One of the major departures from the illustrations was in the way the rabbits moved. In the original creations, the rabbits are mostly seen standing on their hind legs. In order to avoid making the characters too cartoonish, certain adjustments had to be made. According to Will Reichelt, “the rabbits’ anatomies were a unique blend of real rabbit with bespoke adjustments to limb and body proportions that would allow them to stand on two legs and walk, as well as go down on four legs and run.” Animation Director, Rob Coleman, remembers the initial brief from Director, Will Gluck, being “realistic rabbits that wear clothes, and they’ll only step up on their back feet to talk. This prompted a whole discussion about how cartoonish or realistic did the rabbits need to be, which needed to happen prior to shooting because we needed to be able to tell the director and director of photography how quickly the rabbits would move from here to there.”
In addition to refining the movements, the animators also had to focus on creating engaging performances – the rabbits needed to reflect the voice actors’ timing and performance. Animation Supervisor, Simon Pickard, explained how “the animators needed to loosen up the motion and make it as performance-driven as possible.” Talking was also a particular challenge as real rabbits are very twitchy and their noses never stop moving. After a few tests, this came across as being quite distracting. As the team received the actual lines from the script, they were able to find a good balance between realistic faces, with a touch of personality from the voice actors.
To round out the creation of these characters, the artists also needed to cover the rabbits from head to toe with believable fur. While the Animal Logic team had proprietary grooming tool ALFRO at their disposal, the 5-8 million hairs per character, plus the added complication of fur and cloth interaction, meant that a new suite of grooming tools within ALFRO had to be developed specifically for this project.
Having not previously worked on a film with such a high level of visual effects, it was a steep learning curve for director, Will Gluck. For every step of the process, Gluck had to imagine how the CG characters would interact, not only with the environment but with the real-life actors, such as Domhnall Gleeson and Rose Byrne. To make sure these technical difficulties were kept to a minimum, VFX Supervisor Will Reichelt, worked on set throughout the shoot, advising the production and supervising the camera work if necessary. Animation Supervisor, Simon Pickard, would also work with Gluck to block out the action and timing.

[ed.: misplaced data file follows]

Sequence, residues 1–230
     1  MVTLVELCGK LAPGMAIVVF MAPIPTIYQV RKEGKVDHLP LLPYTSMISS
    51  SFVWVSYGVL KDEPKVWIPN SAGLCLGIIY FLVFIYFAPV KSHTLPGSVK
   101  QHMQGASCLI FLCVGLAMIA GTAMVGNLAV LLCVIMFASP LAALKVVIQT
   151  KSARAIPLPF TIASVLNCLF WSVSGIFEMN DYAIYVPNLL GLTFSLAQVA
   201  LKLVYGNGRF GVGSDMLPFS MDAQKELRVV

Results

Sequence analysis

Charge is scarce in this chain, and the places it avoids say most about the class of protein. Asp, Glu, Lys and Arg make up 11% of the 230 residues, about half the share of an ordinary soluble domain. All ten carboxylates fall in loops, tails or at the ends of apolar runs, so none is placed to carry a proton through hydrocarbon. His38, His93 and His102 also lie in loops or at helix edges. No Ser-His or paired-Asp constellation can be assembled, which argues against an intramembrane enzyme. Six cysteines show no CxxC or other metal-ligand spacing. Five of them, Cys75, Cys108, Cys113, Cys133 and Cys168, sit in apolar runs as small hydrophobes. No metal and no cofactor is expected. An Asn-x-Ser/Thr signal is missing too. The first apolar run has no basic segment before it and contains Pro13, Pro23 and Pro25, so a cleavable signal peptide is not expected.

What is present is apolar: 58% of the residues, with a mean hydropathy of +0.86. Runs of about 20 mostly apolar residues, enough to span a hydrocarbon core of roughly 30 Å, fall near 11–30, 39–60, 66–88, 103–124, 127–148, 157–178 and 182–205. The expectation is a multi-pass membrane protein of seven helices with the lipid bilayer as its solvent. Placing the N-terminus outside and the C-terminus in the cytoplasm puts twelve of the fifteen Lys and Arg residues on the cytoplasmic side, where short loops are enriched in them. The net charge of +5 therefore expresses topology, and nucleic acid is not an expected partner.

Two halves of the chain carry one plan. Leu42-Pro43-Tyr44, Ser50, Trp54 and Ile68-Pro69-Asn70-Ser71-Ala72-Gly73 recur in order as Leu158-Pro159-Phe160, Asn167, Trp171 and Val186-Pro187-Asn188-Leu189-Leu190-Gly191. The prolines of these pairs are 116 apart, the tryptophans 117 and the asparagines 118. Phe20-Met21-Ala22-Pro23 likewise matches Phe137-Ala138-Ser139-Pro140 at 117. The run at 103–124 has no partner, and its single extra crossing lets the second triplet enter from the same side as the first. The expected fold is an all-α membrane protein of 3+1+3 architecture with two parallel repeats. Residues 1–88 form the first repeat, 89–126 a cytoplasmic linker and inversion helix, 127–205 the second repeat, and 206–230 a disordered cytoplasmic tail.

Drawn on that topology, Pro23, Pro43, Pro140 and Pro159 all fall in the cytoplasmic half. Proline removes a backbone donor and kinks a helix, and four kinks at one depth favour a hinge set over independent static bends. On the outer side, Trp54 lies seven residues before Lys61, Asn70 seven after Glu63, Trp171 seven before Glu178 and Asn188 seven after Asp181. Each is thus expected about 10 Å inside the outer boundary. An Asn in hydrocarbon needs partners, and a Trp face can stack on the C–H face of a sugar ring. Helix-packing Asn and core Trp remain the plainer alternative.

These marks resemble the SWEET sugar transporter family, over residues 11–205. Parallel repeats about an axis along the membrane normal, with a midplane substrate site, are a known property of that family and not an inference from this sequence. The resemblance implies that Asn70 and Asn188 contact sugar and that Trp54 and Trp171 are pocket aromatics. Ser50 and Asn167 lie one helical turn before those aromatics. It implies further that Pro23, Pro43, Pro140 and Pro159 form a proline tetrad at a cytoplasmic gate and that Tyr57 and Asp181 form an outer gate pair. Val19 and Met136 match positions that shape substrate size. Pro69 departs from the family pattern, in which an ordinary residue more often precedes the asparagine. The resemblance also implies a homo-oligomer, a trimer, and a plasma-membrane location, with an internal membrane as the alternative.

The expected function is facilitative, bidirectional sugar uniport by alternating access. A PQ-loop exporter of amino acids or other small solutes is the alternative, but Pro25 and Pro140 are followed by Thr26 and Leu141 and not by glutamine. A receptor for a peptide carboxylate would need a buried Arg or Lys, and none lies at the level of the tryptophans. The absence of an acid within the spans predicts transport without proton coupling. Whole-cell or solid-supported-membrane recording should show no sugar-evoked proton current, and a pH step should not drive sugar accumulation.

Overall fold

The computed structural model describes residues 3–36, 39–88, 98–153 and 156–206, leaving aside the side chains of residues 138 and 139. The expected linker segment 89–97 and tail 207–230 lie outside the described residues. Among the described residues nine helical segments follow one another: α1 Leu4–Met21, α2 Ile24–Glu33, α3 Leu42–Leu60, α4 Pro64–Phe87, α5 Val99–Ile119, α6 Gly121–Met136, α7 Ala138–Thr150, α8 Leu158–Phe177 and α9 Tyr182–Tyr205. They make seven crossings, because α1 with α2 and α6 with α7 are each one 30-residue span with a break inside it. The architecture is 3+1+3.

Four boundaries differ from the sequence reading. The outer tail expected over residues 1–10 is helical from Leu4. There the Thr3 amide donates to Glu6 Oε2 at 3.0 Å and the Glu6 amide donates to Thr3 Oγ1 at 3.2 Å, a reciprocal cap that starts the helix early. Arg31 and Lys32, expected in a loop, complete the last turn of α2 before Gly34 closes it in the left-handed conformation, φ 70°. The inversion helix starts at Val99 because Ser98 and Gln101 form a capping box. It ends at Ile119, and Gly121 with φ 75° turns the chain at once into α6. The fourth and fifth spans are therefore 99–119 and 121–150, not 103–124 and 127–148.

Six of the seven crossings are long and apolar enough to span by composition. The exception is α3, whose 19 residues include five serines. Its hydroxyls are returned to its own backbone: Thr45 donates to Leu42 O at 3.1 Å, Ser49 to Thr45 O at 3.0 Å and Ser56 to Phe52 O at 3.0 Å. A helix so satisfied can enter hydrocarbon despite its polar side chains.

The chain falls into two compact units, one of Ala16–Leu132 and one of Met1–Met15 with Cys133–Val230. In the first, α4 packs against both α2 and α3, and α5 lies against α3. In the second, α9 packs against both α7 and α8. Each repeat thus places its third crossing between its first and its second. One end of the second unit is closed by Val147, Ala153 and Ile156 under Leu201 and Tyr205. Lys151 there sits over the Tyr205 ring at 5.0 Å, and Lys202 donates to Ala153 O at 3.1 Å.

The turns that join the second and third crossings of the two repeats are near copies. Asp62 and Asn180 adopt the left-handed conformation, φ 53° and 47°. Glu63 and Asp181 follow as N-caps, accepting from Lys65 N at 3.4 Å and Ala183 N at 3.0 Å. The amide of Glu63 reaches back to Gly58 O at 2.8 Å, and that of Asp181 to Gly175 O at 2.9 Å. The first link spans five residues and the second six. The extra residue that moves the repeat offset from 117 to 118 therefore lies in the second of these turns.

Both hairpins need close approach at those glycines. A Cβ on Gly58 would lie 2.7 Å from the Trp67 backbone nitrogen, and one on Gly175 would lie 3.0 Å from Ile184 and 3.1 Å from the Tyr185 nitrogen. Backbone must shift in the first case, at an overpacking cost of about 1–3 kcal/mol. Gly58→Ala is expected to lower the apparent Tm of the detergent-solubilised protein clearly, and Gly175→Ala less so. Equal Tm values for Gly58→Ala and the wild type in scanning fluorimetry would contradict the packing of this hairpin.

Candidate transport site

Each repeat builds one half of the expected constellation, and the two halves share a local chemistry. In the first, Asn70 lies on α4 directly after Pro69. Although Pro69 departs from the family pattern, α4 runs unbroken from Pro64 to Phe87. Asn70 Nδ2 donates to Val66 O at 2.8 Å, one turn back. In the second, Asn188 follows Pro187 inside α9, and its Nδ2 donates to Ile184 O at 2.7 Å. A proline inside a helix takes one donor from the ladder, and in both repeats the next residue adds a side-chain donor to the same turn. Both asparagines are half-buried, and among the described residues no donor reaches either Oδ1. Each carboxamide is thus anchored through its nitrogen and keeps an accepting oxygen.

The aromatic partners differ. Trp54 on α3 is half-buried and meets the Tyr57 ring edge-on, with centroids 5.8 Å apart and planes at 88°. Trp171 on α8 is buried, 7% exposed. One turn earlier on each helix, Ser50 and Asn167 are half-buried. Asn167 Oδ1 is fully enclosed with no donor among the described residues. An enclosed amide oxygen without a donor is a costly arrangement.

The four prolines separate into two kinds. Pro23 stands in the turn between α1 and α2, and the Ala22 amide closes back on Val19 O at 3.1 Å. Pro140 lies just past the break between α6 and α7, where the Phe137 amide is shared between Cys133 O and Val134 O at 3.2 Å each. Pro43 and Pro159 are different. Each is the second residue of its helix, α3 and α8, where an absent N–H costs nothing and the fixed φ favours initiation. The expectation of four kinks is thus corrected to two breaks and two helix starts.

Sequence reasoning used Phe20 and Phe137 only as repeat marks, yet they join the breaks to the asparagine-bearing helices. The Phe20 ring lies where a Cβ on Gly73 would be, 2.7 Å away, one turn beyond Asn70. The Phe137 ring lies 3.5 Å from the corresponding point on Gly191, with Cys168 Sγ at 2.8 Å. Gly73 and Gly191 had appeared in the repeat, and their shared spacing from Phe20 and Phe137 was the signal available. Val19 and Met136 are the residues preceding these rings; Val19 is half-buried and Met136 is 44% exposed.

One technique that was helpful according to Reichelt, was what they called ‘bunny troupe’, involving stand-ins and people holding foam board representatives of the rabbits on sticks who would manoeuvre them around to represent their staging and action. Stuffies which were weighted and designed to match the body of a real rabbit were also used. This proved very helpful, especially in scenes where there was a need for human and CG interaction. With a hybrid film, a strong and decisive relationship between the animation and visual effects teams was vital.
With one of the highest averages of characters per shot, Animation Supervisor Simon Pickard notes that Peter Rabbit was “pretty challenging in every shot,” and notes one of the most complicated sequences, both physically and technically, for the Animal Logic team being the fight with McGregor in the conservatory. Stuffies, performers in blue suits and practical FX were all used to give Domnhall’s character something to interact with.In addition to the use of props, a live playback system showing what the camera was shooting was also constantly relayed back to Pickard. This enabled the team to quickly communicate between themselves on what was feasibly possible from an animation and technical standpoint.
Peter Rabbit: Characters Featurette
Related Article: Behind the Scenes of Stopmotion “Daughters of Destiny”